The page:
2. On November 27, 2004, between 12:30 am to around 1 am, I was with [S.P.] at Steps, a bar on the corner of Western Parkway and Woodlawn Avenue in Irvington, New Jersey.
3. At the time of the shooting of Fahiym Phelps, me and [S.P.] were standing next to my car, which was parked on Brookside and Woodlawn away from the area of the shooting.
4. After the shooting, me and [S.P.] ran down to the front of Steps. There we saw Fahiym Phelps lying on the ground. [T.Y.] was with Fahiym.
5. [S.P.] asked [T.Y.] what happened. [T.Y.] responded that he didn't know. He was talking to some girl. When he heard shots, he jogged off until the shooting stopped. He managed only to get a glance of a tall[,] dark[-]skin[ned] guy who ran from the scene with a gun.
6. I later learned that [S.P.] and [T.Y.] had told the police that they saw the shooters. I knew this was untrue but I did not get involved because [S.P.] was my boy and he had just lost his brother and I didn't know the guys who were identified as the shooters.
. . . .
8. Earlier this year, I learned for the first time that Raheem Venable had been sentenced to life imprisonment and would [not] be eligible for parole until after serving almost [sixty-four] years. After that, I just could [not] stop thinking about the fact that he would likely die in prison because of a false identification. I decided that I could no longer remain silent about what I knew was the truth. So I wrote Venable and told him all that I knew and that I would be willing to come to court on his behalf.
9. Prior to seeing him at Steps on November 27, 2004, I had never seen Raheem Venable. My first contact with him was as described in the preceding paragraph [writing to Venable in prison to disclose the aforementioned information].
Although he was S.P.'s friend, Q claimed he never discussed the case with him. In early 2010, upon learning of the sentences defendants' received, Q decided to break his silence and wrote to Venable to tell what he knew.
In support of his alternative request for a new trial, Venable certified that in March and April 2010, he received two letters from Q, a man he did not know. The letters stated that he was the person referred to at trial as "Q" and explained his assertions as set forth in his certification.
Following oral argument, Judge Patricia K. Costello issued a thorough and comprehensive nineteen page opinion, in which she denied defendants' petitions on all issues, except for Venable's claim in which he alleged ineffective assistance of counsel for failing to explain the full sentencing consequences of rejecting a plea agreement. On that sole issue, the judge held an evidentiary hearing. Following that hearing, Judge Costello determined defendants' claims were unsupported and denied PCR in a written opinion and order dated August 1, 2012.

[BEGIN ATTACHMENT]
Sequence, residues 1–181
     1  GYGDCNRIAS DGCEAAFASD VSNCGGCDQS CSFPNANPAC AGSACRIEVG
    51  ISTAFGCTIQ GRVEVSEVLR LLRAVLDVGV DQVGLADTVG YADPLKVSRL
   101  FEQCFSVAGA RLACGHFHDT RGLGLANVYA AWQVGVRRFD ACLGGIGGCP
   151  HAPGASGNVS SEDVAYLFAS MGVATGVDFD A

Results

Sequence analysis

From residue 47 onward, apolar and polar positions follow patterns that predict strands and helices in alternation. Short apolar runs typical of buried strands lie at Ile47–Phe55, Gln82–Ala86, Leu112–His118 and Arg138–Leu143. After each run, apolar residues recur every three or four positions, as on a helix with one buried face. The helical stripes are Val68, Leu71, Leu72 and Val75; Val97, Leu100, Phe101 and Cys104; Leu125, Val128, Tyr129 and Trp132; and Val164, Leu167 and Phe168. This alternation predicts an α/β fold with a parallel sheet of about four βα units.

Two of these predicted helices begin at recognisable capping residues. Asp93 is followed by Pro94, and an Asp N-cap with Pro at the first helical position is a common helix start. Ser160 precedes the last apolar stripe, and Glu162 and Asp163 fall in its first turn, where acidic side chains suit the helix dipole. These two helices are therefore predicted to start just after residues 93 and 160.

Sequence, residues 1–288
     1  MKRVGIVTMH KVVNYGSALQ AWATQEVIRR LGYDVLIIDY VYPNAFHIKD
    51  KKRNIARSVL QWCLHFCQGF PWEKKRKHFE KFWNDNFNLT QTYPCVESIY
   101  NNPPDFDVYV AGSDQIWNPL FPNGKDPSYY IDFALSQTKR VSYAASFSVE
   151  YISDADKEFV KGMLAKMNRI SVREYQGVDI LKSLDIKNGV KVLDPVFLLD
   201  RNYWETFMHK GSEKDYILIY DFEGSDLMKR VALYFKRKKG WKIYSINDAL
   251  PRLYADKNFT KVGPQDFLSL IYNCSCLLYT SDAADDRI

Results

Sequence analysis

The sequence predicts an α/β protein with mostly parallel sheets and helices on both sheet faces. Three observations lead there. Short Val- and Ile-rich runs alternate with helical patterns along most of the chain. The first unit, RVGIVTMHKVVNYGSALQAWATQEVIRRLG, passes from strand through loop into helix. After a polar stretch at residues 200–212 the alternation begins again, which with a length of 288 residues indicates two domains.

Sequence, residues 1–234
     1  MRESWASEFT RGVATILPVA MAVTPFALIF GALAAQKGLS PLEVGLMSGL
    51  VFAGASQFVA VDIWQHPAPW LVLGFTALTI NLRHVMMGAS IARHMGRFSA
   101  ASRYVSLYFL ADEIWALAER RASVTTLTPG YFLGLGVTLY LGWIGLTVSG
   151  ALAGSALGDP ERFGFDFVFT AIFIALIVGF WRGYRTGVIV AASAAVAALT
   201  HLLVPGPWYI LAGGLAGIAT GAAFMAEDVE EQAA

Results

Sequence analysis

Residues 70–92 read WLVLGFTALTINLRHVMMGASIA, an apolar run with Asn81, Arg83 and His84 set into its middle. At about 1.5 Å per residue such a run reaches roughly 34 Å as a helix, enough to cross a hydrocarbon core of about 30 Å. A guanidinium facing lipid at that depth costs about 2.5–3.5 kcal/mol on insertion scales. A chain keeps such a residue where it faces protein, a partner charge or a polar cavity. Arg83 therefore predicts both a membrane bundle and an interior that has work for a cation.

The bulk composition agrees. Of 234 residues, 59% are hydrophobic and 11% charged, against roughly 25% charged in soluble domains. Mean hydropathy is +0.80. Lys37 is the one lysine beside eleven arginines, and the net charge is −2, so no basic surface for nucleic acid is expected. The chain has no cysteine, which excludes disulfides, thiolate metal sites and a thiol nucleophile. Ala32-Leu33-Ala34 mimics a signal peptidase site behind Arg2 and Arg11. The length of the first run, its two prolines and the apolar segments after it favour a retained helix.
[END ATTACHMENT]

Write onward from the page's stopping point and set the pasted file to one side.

In denying defendants' PCR claim of ineffective assistance of counsel, Judge Costello applied the well-settled two-prong Strickland test. See Strickland v. Washington, 466 U.S. 668, 687, 694, 104 S. Ct. 2052, 2064, 2068, 80 L. Ed. 2d 674, 693, 698 (1984) (defendant must establish (1) that his counsel's performance was deficient and he made errors so serious that counsel was not functioning as guaranteed by the Sixth Amendment, and (2) that defendant was prejudiced such that there existed a reasonable probability that, but for counsel's unprofessional errors, the result would have been different); State v. Fritz, 105 N.J. 42, 58 (1987) (adopting Strickland standard). The court noted that a petitioner must make more than mere bald assertions in support of a request for relief. State v. Cummings, 321 N.J. Super. 154, 170 (App. Div.), certif. denied, 162 N.J. 199 (1999).
In rejecting defendants' claims of ineffective assistance of counsel for failing to investigate Q as a potential defense witness, the judge reviewed the extensive trial record and made these findings and conclusions
[c]ounsel's investigation in preparation for defense was adequate under the circumstances. The record demonstrates that counsel was aware of [Q's] existence, but that there was no reason to believe that [Q] would possess potentially exonerating information. There is no showing that either defendant believed, at the time of trial, that [Q] might have been able to aid in their defense. When both defendants were asked on the record if they were satisfied with their discovery and their representation after the conclusion of the State's case, neither indicated they felt any need to pursue additional investigation. [Q] did not know either defendant, but was instead a friend of the victim, having arrived at the club with the victim's brother. There was no basis to believe he had information to impeach [S.P.] and [T.Y.'s] version of the shooting.
. . . .
Even if defendants did establish a prima facie case that their attorneys' failure to contact [Q] was unconstitutionally unreasonable, they do not demonstrate that their counsels' failure prejudiced them.